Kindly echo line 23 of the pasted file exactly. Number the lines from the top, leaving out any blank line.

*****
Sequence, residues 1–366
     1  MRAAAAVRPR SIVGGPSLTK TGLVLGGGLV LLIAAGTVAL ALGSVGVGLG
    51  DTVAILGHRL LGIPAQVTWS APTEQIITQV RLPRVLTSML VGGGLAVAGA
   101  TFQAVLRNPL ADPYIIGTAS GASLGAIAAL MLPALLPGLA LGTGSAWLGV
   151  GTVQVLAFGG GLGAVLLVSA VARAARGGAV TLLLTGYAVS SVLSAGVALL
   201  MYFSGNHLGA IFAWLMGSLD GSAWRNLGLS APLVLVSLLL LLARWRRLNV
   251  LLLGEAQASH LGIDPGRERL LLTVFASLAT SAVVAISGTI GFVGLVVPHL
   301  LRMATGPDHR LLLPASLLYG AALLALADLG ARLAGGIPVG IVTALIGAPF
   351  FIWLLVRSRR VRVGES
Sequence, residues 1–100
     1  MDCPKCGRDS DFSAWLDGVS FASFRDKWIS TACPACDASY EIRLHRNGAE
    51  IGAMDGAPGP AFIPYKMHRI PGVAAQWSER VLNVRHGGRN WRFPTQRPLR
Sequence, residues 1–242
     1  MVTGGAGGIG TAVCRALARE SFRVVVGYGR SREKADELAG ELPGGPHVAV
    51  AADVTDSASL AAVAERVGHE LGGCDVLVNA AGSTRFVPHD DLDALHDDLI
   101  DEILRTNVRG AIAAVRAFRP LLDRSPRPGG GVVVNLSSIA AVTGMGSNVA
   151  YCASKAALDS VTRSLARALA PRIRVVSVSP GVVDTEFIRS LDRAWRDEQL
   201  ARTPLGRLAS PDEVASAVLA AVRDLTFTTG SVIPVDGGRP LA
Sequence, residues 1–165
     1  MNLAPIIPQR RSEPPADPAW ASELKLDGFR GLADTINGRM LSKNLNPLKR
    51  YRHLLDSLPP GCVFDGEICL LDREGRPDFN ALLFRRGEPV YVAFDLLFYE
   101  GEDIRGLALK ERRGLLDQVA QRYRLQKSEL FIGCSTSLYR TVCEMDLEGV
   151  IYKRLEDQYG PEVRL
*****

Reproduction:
   151  IYKRLEDQYG PEVRL